Sunday 27th September 2020 A reflection for Trinity XVI by the Rev'd David Warnes

Submitted by Dean on Sat, 26/09/2020 - 12:34

Good Shepherd Trinity 16 Proper 21 27 September 2020

In this time of pandemic, we are hearing a lot of expert advice from scientists, and you may be feeling, as I am, a bit frustrated that they all sound very confident in their views, but they aren’t all advising the same course of action. Pondering their confidence reminded me of a true story concerning a very distinguished professor of Physics at an American university who agreed to be an expert witness in a trial. During cross-examination, counsel for the defence asked him “What qualifies you to be an expert witness in this matter?” The Professor, who had the reputation of being a modest and retiring sort of person, replied “I am the greatest living authority on this particular branch of science.”

Later a friend of the Professor’s expressed surprise at this answer, which seemed to him uncharacteristically boastful. The professor answered, "What did you expect me to say? I was under oath."

It’s a story about humility, and it reminds us that true humility isn’t about doing yourself down or understating your abilities. To have said “Well I know quite a bit about it” or “I’ve written a book on the subject” would have been the kind of self-deprecating understatement that most of us sometimes indulge in because we want to seem humble. The wish to be thought of as a humble person is, of course, a form of self-centeredness. And self-centeredness and humility are opposites. As C.S. Lewis put it:

“True humility is not thinking less of yourself; it is thinking of yourself less.”

That’s a clue to the idea that St Paul was expressing in today’s beautiful passage from Philippians when he wrote of Jesus that:

These verses from Philippians are a reminder that we believe in Incarnation, in a down-to-earth, Incarnate God, a God one of whose qualities is humility. And humility is derived from the Latin word for earth or soil, so humility is all about being down-to-earth.

“...being found in human form, he humbled himself and became obedient to the point of death — even death on a cross.”

Today’s Epistle gives us a glimpse into the beliefs of the very first Christians, those who knew Jesus during his earthly life, those who encountered the Risen Christ and those who heard the Apostles’ preaching. Philippians was written, at the very latest, only thirty years after the Crucifixion, but in verses 5-11 of today’s reading Paul is quoting from an even earlier Christian source – either a hymn or a poem used for teaching purposes. And we discover that the first Christians had quickly developed a rich and deep appreciation of who Jesus was, and of what he accomplished. They believed that, in Jesus, the love of God was revealed and that he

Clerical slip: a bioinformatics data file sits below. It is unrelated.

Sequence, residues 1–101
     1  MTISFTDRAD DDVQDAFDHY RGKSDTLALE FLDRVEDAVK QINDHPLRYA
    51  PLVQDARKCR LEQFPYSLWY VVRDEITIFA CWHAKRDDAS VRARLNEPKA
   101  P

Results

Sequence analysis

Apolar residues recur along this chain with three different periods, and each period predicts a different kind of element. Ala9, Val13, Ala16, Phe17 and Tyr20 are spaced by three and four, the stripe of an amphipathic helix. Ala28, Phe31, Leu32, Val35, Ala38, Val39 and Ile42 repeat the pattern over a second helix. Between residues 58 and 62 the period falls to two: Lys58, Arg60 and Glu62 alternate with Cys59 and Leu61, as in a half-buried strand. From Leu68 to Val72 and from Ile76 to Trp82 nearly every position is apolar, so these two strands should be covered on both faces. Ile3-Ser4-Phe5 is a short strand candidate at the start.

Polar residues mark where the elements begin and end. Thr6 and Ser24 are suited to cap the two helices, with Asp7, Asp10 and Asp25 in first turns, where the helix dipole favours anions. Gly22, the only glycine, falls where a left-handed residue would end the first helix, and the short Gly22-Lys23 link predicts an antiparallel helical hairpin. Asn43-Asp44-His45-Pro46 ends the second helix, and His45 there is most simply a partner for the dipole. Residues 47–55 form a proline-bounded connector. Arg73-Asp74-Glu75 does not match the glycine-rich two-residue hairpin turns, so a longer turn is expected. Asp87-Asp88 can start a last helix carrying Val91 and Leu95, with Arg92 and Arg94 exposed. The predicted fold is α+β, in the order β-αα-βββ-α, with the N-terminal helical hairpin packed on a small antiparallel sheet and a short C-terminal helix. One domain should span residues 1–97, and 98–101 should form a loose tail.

“...emptied himself, taking the form of a slave, being born in human likeness.”

In other words, they already had a clear belief in the Incarnation.

That’s interesting and important but it isn’t Paul’s main message to the church at Philippi. The self-emptying, the self-giving love of the down- to-earth God is offered by Paul as a pattern for Christian living.

“Let the same mind be in you that was in Christ Jesus.”

Paul sometimes wrote rather lumpy Greek and, in writing those words, he didn’t bother to include a verb, a fact which has challenged translators ever since. The version we use reads like a call to imitate Christ’s self-giving love. Other scholars have argued that what Paul meant was:

“Show among yourselves the attitude that stems from the fact that you are in Christ as members of the Christian community.”

New Testament scholars disagree as much as the scientists who offer the government advice about how to respond to the pandemic, and they can be just as confident in their assertions. Happily, in the case of this disagreement we don’t have to choose. Paul’s instructions to the Philippian Christians are both an encouragement to imitate Jesus and a blueprint for community life “in Christ”.

“Do nothing from selfish ambition or conceit, but in humility regard others as better than yourselves. Let each of you not look to your own interests, but to the interests of others.

Christian humility is inspired and enabled by the self-emptying action of our down-to-earth Incarnate God and we are called to be humble in the sense of being earthed; not to live as free-floating, assertive individuals but to be rooted in community, aware of our dependence on one another and of our calling to love one another. Which is good advice for all times and seasons, including a time of pandemic.

“True humility is not thinking less of yourself; it is thinking of yourself less.”